BACKGROUND: Social control and support have effects on smoking cessation, but are mostly examined separately.
PURPOSE: Interacting effects of social control and support are investigated, hypothesizing synergistic effects.
METHODS: In 99 smokers, received social control and emotional support (both smoking specific) were assessed 2 weeks before a quit date (T1); objectively verified abstinence and self-reported numbers of cigarettes smoked daily were assessed 6 weeks after baseline (T2).
RESULTS: For both outcomes, associations with control (T1) were moderated by support (T1), but beneficial synergistic effects (high control/high support) emerged for few participants only. Effects were mainly driven by constellations of low control/high support associated with more cigarettes smoked daily (T2) and low control/low support linked to higher likelihood of abstinence (T2).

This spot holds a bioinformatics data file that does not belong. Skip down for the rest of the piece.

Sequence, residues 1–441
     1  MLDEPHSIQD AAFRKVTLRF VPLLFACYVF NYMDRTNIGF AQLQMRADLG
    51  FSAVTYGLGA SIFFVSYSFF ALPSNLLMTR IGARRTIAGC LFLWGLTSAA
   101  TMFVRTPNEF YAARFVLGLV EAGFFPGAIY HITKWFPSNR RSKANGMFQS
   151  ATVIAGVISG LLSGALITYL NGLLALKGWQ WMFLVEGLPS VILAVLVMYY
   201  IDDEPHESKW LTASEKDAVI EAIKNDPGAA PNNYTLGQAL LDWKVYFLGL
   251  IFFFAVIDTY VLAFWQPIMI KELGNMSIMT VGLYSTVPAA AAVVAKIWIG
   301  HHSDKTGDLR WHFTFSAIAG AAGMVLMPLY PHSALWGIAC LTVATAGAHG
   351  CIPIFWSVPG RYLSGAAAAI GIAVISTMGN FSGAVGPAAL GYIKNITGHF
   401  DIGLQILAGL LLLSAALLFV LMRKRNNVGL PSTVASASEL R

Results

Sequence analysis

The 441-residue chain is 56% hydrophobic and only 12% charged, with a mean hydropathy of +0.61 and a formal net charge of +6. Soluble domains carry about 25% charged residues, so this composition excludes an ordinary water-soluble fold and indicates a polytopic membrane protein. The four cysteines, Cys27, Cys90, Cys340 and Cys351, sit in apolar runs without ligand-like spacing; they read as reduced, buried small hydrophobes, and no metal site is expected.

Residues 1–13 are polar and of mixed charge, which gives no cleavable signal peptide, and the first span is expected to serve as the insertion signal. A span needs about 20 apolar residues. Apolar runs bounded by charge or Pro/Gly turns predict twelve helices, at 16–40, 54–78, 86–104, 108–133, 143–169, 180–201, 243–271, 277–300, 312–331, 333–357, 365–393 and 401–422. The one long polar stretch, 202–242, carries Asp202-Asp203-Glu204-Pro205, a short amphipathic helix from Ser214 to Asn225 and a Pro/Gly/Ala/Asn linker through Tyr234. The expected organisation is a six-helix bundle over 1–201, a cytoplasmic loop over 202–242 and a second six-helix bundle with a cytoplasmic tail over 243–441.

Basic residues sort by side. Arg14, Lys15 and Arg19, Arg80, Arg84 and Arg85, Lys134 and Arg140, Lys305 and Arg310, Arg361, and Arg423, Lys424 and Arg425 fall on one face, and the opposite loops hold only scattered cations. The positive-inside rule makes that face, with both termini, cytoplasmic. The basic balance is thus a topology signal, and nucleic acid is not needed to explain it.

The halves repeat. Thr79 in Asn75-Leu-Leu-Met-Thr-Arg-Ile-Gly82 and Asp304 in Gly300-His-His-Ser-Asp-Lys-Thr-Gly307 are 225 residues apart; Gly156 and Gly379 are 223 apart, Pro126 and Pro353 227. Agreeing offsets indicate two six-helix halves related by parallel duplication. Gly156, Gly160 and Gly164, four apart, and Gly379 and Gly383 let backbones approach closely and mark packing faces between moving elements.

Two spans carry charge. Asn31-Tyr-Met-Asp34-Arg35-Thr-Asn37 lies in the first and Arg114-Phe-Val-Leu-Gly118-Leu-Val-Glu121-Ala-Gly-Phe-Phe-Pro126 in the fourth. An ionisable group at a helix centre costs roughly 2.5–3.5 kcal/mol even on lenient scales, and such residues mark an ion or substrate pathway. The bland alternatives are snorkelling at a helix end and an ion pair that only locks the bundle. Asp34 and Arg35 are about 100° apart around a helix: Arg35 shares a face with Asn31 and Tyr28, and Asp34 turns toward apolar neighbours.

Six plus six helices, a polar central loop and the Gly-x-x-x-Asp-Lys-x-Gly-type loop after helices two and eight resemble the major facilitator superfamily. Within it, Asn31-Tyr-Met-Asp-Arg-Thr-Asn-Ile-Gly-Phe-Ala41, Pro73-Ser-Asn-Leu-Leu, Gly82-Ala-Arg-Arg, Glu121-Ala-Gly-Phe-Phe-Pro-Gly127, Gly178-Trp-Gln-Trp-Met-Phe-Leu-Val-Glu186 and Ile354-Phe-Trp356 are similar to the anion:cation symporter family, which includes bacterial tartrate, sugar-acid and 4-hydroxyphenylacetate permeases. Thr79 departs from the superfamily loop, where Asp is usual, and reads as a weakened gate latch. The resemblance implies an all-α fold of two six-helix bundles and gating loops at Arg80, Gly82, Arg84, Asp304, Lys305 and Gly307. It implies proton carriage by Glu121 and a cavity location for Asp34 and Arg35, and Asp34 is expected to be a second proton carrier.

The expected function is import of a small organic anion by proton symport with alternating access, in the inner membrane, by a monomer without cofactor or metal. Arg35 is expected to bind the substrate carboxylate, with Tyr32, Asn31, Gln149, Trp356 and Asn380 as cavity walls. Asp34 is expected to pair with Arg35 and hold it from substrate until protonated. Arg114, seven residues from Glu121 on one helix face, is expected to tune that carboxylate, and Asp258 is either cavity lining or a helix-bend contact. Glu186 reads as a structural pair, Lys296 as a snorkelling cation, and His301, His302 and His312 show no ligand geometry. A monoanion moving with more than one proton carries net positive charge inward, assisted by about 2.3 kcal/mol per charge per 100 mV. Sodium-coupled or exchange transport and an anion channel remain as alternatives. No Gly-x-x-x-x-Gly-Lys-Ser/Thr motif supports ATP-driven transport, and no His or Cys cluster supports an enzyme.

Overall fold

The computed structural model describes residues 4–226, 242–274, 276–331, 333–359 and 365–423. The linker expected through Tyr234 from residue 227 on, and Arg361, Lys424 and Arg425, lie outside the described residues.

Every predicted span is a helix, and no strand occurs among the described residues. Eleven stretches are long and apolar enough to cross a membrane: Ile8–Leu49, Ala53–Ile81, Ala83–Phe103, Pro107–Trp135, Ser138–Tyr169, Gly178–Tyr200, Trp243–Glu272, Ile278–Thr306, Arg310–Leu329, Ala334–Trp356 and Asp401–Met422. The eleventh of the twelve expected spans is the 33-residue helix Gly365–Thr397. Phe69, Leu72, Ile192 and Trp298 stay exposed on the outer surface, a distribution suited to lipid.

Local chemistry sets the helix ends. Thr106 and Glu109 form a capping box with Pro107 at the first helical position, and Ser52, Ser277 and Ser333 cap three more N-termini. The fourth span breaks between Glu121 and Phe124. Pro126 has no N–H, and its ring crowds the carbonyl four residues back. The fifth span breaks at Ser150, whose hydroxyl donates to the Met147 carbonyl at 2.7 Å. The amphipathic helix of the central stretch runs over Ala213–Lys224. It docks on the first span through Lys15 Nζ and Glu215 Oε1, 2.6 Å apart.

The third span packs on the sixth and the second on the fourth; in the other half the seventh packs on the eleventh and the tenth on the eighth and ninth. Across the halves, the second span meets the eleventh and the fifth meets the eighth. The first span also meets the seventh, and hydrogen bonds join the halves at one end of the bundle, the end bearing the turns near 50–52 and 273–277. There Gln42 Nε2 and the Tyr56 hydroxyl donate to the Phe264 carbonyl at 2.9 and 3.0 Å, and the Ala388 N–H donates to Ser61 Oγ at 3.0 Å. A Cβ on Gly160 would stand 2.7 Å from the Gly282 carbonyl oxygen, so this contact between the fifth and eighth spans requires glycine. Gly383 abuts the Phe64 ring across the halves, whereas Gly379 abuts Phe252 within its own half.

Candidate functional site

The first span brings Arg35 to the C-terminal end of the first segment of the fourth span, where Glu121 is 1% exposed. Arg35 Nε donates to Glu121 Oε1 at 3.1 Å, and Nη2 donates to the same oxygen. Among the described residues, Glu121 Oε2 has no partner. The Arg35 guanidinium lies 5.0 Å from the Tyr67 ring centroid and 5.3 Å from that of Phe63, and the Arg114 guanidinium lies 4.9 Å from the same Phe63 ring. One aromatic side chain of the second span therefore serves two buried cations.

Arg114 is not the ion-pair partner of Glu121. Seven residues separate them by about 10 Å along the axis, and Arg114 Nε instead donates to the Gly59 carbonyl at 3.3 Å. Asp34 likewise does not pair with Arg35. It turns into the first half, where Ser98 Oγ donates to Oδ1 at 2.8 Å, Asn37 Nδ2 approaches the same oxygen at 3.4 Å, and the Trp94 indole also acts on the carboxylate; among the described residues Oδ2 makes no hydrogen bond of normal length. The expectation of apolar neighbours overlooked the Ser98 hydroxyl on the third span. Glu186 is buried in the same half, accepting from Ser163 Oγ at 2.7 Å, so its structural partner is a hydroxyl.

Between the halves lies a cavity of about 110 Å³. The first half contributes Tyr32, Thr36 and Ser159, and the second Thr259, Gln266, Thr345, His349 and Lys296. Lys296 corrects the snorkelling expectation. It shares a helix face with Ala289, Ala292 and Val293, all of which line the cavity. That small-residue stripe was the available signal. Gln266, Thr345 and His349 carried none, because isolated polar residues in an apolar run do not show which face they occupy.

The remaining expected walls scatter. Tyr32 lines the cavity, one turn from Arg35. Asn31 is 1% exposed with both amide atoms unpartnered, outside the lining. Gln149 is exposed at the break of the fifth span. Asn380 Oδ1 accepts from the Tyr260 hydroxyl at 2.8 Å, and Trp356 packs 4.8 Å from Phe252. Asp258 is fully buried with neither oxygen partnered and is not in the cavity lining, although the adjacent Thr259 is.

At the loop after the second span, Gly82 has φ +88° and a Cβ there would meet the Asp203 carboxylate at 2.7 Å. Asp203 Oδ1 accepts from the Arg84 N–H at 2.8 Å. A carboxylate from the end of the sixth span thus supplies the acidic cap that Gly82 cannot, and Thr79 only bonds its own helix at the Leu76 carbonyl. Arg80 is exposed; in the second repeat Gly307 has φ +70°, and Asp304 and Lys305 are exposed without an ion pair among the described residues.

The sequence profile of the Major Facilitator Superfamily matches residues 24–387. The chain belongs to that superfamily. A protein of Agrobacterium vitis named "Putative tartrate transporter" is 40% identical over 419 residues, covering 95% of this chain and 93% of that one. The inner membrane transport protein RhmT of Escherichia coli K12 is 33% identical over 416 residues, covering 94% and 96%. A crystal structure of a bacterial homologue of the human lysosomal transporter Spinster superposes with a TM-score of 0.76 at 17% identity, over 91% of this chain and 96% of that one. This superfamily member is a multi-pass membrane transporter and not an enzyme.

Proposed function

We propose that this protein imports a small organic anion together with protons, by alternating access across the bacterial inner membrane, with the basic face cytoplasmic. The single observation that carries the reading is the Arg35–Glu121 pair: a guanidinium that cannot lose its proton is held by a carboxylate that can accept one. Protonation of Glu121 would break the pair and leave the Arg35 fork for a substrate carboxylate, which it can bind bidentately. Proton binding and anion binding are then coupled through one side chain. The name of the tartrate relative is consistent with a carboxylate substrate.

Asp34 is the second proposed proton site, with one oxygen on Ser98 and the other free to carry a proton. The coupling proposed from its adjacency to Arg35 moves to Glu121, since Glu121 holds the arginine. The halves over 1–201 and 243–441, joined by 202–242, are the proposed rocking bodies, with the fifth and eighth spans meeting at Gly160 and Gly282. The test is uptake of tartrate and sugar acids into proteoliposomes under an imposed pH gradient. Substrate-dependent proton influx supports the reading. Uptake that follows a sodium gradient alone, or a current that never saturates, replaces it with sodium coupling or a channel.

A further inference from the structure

CONCLUSIONS: Different constellations of levels of control and support may be beneficial for quitting smoking. Whereas synergies of high domain-specific control and support may be beneficial, they only rarely occur.
- Middle Aged
- Smoking Cessation
- Social Control
- Social Support
- Tobacco Use Disorder
- Young Adult
- Health-behavior change
- Research Support, Non-U.S. Gov't